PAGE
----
12 things we want tosee when '24' comes back
Jack is back! Or at least he will be. Fox has confirmed that "24," the all-in-a-day's-work drama centered on counter-terrorism agent Jack Bauer (Kiefer Sutherland), is set to return to prime time.
That's good news for fans who've waited three long years to see what became of their small-screen hero, last seen on the lam at the end of season eight. But there's bad news too: Those fans still have to wait one more year.
That's right, "24: Live Another Day" isn't expected to kick off until May 2014.
To help bide the time, here's a list of the 12 things we want to see when Jack's back in action.
Back to the beginning
While "24" always made for edge-of-your-seat viewing, it lost a little of the magic as the years went on. There was just something special about those first two seasons that the show was never able to top. Maybe it was the newness (sure to be recaptured with a fresh return), or maybe it was just sense of innocence -- before nearly everyone betrayed everyone else (unlikely to ever be recaptured). But maybe the winning formula was really just about straightforward storytelling, which wavered as the plots grew more convoluted over the years. Either way, getting Jack Bauer back to basics is a must.
We love L.A., but…
The West Coast is easy on the eyes -- and no doubt easy on the budget for a Tinseltown production -- but let's face it, it's not really a natural fit for a counter-terrorism agent (or former counter-terrorist agent still fighting the good fight) often tasked with saving targets in D.C., New York and beyond. This would be a great time for Jack to finally make the move to the East Coast for good.
No more time travel
No matter where Jack is based, the minute-by-minute action should be at least somewhat plausible. After all, traversing the greater L.A. area or even just the parking lots at LAX takes more than five minutes. But back in "24's" heyday, Jack rarely spent more than a few moments to get to any destination.
Get real, Jack!
Of course, Jack's itinerary wasn't the only thing that lacked a little needed realism before the show bowed out the last time around. Jack Bauer himself had become a bit unbelievable. Not only was he burned, shocked, sliced, shot and infected with a brutal bioweapon, Jack actually died -- more than once. Briefly. Heck, he even found time for a heroin addiction in the midst of it all -- not that it slowed him down much. And that's the problem: Jack's a hero, but he's also a human. There has to be some limits to what he can survive.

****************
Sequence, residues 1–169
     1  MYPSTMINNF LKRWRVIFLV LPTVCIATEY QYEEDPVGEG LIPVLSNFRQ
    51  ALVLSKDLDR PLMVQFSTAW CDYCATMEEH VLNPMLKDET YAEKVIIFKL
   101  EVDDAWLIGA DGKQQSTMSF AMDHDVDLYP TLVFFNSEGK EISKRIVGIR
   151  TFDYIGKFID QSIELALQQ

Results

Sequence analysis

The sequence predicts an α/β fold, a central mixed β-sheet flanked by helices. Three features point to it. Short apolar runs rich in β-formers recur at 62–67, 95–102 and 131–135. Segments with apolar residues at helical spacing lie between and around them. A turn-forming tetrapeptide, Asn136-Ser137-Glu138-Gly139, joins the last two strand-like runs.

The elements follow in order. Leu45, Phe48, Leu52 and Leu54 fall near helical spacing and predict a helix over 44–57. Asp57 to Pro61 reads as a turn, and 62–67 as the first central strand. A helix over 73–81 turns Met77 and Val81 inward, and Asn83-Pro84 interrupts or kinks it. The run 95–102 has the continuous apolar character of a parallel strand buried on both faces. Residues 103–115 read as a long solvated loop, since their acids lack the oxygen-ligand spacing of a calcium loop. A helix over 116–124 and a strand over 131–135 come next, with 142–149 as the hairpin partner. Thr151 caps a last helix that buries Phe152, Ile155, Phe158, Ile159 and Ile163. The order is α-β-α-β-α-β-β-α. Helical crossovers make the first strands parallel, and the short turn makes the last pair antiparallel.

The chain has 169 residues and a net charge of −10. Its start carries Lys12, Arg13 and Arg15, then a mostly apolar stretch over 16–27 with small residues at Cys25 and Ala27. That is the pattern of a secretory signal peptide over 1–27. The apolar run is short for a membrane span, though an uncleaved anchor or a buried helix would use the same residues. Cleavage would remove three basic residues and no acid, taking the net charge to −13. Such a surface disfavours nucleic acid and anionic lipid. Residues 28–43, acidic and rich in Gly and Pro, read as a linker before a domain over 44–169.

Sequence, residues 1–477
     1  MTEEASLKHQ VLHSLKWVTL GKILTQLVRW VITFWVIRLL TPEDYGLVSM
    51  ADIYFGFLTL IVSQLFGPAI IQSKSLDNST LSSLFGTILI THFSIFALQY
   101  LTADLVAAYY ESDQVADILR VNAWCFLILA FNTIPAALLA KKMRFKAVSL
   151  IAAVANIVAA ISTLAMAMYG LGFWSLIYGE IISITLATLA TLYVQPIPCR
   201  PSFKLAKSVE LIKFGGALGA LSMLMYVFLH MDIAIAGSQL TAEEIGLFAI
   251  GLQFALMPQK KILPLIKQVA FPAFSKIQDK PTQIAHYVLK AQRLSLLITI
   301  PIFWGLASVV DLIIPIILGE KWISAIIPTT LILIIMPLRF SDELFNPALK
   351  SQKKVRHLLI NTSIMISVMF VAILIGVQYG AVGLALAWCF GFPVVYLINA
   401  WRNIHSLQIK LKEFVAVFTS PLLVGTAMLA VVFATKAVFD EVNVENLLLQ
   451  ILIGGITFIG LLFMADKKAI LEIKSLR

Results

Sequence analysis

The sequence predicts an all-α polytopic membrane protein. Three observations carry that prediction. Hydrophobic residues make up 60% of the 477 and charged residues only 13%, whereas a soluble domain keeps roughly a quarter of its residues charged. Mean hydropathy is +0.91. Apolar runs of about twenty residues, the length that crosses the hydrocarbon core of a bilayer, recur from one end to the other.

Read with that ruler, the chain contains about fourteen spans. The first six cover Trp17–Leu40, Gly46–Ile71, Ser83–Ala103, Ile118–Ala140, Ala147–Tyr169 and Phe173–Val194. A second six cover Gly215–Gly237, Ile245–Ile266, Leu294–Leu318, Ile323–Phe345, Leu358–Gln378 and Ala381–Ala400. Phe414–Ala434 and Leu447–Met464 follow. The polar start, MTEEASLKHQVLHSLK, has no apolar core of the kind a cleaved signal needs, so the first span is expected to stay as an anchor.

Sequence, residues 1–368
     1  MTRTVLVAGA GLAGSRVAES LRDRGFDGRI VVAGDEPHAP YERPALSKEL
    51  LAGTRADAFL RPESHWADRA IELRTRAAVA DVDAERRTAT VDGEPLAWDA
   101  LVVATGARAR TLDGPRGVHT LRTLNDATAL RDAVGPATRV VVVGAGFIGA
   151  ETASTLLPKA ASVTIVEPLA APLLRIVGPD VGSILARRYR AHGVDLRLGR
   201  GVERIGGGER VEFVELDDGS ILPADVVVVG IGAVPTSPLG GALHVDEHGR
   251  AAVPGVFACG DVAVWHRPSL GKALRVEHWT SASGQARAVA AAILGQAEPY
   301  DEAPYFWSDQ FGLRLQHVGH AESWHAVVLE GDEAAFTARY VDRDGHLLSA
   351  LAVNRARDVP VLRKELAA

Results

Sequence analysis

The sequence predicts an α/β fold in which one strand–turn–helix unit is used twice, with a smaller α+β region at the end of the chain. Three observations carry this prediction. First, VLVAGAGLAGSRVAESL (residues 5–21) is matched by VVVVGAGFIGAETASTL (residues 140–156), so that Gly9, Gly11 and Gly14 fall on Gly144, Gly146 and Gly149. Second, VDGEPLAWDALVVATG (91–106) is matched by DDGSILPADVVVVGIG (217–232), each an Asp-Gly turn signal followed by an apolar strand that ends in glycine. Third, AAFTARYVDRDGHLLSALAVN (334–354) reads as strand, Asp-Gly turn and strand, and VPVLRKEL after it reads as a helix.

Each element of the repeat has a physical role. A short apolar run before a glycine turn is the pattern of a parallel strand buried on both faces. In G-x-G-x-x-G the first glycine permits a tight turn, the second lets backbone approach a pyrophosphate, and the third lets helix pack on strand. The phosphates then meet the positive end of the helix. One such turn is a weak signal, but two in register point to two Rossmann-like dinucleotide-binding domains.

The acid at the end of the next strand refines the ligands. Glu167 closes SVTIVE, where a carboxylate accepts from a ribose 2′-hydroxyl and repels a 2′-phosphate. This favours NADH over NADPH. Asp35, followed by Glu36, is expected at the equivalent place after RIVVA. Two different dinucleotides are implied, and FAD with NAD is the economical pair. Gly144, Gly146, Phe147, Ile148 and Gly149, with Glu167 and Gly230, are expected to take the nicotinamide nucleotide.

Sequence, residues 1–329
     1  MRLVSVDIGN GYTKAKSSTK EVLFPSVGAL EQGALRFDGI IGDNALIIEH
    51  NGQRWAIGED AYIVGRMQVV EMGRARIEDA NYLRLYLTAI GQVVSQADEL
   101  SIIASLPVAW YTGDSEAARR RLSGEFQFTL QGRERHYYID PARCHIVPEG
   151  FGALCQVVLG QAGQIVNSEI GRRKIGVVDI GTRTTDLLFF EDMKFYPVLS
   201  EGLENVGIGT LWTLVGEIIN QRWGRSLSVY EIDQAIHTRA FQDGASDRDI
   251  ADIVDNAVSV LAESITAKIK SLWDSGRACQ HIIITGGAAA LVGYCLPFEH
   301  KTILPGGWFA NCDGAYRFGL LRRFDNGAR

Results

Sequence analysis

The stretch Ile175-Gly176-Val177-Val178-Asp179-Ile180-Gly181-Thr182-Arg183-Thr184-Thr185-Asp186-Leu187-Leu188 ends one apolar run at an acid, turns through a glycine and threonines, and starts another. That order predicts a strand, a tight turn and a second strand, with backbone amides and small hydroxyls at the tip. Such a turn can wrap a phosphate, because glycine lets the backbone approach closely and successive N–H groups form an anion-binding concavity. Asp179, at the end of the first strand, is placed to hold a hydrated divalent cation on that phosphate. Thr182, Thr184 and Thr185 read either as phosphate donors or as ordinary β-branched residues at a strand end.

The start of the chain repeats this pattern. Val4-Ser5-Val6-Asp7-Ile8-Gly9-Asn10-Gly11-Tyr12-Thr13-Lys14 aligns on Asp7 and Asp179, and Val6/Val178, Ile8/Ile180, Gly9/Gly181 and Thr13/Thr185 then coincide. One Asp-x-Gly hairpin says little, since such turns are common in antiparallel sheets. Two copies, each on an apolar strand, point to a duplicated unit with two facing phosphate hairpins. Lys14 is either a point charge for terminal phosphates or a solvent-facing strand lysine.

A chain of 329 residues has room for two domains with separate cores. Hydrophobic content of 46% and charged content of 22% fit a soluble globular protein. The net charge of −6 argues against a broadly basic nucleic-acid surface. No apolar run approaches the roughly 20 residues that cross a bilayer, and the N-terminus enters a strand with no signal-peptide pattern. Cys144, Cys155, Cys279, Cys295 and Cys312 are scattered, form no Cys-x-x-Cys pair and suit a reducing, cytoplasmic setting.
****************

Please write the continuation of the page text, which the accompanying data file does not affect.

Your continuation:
Cut Kim loose
Sure, she's his flesh and blood, but Kim Bauer has got to go. When she's not being abducted (and frankly, when is she not being abducted?), Kim just can't decide what she thinks of her dear old dad. Jack doesn't need the distraction.
Not every minute of the day is interesting, that always posed a problem for "24," which allowed the plot to progress in real time -- no matter what. But this is one problem that shouldn't be a problem next summer. The new "limited series" approach Fox has planned means viewers will only see 12 hours of the day -- the good ones.
Some action heroes deliver little more than cheesy one-liners, but Jack Bauer has a way with words. That was clear from his very first "I'm Federal Agent Jack Bauer, and today is the longest day of my life" voiceover. So, whether he's threatening to break some bad guy's whatzit or just delivering a steady stream of damn-its, Jack needs to ditch the strong and silent routine when he comes back.
He's in. He's out. If CTU can decide whether they want a one-man solution to the terrorist-menace-du-jour, then to heck with them. They aren't the only government agency in town.
Then again, Jack is a free agent now. If the feds don't want him, that's fine too. He doesn't really need anyone telling him what to do in order to save the day.
Bring the baddies back
What it does need is an adversary, but not necessarily a new one. There's a long line of dead bodies behind Jack, but a few of the evil masterminds -- or at least their equally evil flunkies -- survived along the way. Why not have the leading man face off with a former foe (Mandy) or two (Tony).
Forget some familiar faces
Just don't get carried away. This reboot doesn't need to be a greatest hits of everyone from Jack's past.
But there is one blast from the past that has to be there -- there's no negotiating on this one. Chloe O'Brian, the snarky analyst with who stuck by Jack's side no matter what, is a definite deal breaker.
What do you want to see when the show returns? Tellus in the comments.